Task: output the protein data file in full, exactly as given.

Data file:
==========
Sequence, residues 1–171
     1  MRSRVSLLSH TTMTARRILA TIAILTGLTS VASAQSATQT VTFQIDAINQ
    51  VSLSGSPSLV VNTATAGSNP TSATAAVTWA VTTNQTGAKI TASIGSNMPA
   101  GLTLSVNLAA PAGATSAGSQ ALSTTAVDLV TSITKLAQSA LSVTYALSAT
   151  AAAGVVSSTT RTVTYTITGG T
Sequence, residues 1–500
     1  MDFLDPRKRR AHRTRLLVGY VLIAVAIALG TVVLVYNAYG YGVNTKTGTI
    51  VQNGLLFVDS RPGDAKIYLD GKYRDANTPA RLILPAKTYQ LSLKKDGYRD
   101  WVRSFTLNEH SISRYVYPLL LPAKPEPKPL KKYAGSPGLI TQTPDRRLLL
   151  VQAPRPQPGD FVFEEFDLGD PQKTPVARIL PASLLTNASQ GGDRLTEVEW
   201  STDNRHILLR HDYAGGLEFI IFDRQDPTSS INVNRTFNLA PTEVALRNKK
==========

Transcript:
Sequence, residues 1–171
     1  MRSRVSLLSH TTMTARRILA TIAILTGLTS VASAQSATQT VTFQIDAINQ
    51  VSLSGSPSLV VNTATAGSNP TSATAAVTWA VTTNQTGAKI TASIGSNMPA
   101  GLTLSVNLAA PAGATSAGSQ ALSTTAVDLV TSITKLAQSA LSVTYALSAT
   151  AAAGVVSSTT RTVTYTITGG T
Sequence, residues 1–500
     1  MDFLDPRKRR AHRTRLLVGY VLIAVAIALG TVVLVYNAYG YGVNTKTGTI
    51  VQNGLLFVDS RPGDAKIYLD GKYRDANTPA RLILPAKTYQ LSLKKDGYRD
   101  WVRSFTLNEH SISRYVYPLL LPAKPEPKPL KKYAGSPGLI TQTPDRRLLL
   151  VQAPRPQPGD FVFEEFDLGD PQKTPVARIL PASLLTNASQ GGDRLTEVEW
   201  STDNRHILLR HDYAGGLEFI IFDRQDPTSS INVNRTFNLA PTEVALRNKK